We woke up bright and early at 5 a.m. in order to catch the favorable current through the Cape Cod Canal, dropped our mooring and by 5:15 we were motoring out of the small cove where we had spent the night and into the canal. The current was swift; our engine was barely at idle and we were already doing five knots. At half to 2/3 throttle we were doing between 8 and 9 knots! The land moved by swiftly on both sides, there were numerous eddies in the water that would shift our boat from side to side but the surface was smooth, no waves and we made a very quick time through the canal. We shot out the other side of the canal and into Cape Cod Bay in just under an hour. The wind was favorable but light, so we hoisted the sails and headed for Plymouth. We made quick progress and arrived around noon. We tied up on a free mooring ball and spent the day cleaning and then went into shore and walked to the grocery to do our shopping, then caught an Uber back to the boat. Then we packed everything away.

We left Plymouth early the next morning and sailed North toward Boston. Winds were 20 to 25 knots and we made good time up until we had to turn into the harbor. We dropped the sails except for the stay sail and turned in to the secondary harbor channel and the winds quickly increased to 30 to 35 knots. We slogged upwind until we reached Boston Harbor and then started to look for a place to anchor. There really was no where to safely drop a hook so we found a mooring ball field and picked one up for 2 days. It was very quaint, there were sailboat races in the harbor, jets taking off from the airport, and we arrived right at sunset so the lights of the city came on and bought it to life and it looked really beautiful.

We dropped the dinghy into the water and then went to shore to take the dog for a walk and to have an appetizer. Next day we walked around the North End which is the Italian section, then came back so I could do some work and we could prepare for the arrival of our friends Michelle and Steve. We tried watching a movie but ended up falling asleep so we will have to both watch it again – so it goes when life is full….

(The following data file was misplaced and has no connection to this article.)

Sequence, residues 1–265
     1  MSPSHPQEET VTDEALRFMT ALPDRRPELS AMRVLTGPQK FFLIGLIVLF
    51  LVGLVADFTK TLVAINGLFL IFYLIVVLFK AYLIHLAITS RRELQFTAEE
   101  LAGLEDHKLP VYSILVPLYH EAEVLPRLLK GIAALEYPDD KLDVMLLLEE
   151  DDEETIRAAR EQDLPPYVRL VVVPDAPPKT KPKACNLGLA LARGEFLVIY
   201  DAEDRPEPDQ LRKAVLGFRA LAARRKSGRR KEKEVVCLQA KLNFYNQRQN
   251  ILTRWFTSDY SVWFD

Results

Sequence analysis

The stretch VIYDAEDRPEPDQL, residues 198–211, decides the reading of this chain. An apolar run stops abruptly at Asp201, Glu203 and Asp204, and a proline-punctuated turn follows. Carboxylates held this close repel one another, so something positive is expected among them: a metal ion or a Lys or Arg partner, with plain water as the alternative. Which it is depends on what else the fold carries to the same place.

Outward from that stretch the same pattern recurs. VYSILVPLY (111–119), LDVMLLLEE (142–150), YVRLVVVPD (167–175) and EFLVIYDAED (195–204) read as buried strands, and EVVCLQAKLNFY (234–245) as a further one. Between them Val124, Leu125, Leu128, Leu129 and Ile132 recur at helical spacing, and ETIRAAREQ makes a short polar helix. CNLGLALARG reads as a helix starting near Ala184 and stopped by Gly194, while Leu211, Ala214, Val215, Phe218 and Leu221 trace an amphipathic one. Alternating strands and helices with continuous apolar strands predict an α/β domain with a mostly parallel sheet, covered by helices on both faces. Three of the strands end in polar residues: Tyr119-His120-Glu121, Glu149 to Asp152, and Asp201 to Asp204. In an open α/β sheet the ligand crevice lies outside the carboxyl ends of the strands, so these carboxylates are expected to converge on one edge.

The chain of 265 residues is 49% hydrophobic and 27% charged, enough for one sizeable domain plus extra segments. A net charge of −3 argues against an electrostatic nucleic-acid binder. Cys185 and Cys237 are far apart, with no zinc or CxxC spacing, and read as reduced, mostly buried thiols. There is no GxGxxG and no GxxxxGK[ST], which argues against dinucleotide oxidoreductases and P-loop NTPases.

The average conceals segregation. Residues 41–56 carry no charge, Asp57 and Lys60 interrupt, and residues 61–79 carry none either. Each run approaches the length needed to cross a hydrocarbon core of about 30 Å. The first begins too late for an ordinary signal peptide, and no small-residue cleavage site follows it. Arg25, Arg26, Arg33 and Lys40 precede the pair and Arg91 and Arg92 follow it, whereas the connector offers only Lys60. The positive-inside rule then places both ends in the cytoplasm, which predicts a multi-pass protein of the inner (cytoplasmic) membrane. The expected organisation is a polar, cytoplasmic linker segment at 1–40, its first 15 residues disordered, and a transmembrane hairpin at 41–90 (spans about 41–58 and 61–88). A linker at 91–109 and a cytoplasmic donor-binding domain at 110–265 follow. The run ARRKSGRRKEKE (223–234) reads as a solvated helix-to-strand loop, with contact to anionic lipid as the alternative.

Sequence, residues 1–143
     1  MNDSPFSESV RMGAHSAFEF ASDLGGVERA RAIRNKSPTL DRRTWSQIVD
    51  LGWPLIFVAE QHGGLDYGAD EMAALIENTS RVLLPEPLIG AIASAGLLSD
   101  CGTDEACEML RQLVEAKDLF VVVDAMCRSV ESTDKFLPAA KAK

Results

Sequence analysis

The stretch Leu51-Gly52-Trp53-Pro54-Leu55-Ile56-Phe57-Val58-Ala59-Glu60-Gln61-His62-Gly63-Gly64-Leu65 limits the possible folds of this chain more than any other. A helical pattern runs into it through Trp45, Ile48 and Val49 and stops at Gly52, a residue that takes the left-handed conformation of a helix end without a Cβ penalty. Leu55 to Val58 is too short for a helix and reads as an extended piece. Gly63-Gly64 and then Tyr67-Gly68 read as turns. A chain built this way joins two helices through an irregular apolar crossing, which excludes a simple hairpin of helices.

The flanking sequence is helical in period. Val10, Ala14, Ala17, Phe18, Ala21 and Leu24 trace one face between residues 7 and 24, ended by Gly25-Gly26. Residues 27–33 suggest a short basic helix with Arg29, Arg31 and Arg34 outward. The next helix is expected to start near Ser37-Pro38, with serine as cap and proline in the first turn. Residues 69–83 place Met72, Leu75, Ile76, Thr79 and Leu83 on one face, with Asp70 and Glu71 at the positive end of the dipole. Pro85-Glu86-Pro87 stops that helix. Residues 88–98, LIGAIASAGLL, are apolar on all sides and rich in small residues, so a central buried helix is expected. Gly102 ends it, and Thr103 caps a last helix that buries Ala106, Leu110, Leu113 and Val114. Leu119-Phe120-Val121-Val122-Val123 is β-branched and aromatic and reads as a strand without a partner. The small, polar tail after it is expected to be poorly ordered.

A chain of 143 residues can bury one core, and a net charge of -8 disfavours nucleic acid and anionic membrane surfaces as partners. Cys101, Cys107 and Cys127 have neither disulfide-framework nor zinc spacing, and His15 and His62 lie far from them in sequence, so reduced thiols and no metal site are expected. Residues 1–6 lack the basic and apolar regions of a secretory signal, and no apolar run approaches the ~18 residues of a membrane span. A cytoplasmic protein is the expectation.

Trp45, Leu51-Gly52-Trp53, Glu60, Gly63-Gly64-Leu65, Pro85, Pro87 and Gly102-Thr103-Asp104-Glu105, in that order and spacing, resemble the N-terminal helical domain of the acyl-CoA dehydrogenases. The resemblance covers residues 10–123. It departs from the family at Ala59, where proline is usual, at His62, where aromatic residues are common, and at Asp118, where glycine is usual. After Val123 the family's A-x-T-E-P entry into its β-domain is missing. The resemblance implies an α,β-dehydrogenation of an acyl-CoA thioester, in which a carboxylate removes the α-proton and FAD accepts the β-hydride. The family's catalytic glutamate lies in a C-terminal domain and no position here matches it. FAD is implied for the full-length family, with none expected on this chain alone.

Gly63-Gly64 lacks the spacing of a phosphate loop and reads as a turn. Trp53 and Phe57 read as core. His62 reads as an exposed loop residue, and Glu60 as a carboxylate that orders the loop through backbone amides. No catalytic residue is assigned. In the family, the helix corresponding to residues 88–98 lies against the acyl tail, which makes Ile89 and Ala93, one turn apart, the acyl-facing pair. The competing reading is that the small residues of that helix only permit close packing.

The Chesapeake And Beyond

Saturday morning after breakfast we cast off, went for a pump out and then headed down the Hampton River, raised our sails and started sailing North up the Chesapeake. We were aiming for a spot just north of Mobjack Bay and initially the current was with us and we had a great wind. We sailed at speeds of 6 knots or more for a few hours and then the wind died. The tide also changed and soon we had a 2 knot current going against us with zero wind so we had to fire up the iron Genny. Then we went to war with our fly swatters. We had hordes of black flies invading, trying to bite us and Melanie and I swatted as best we could. It was a blood bath. We killed scores of flies. They still kept coming and biting and to top it off, it was a miserably hot afternoon.

About 7pm we dropped anchor in the Piankatank River mouth. After a quick dinner of delicious salad that Melanie had cut from the boaters garden at the Hampton Marina we turned in for the night. During the night it stormed and rained and we awoke to a nice clean boat with all the cushions soaked. We got an early start and were on the road by 7:30. The wind was 15 to 20 and with the course we were on it was a direct run. We could only sail wing on wing. Then of course as always the wind faded and we were forced to run the motor and motor sail with three to four foot waves shaking what little wind we had out of the sails. Rocking backwards and forwards rail to rail made going down below almost impossible.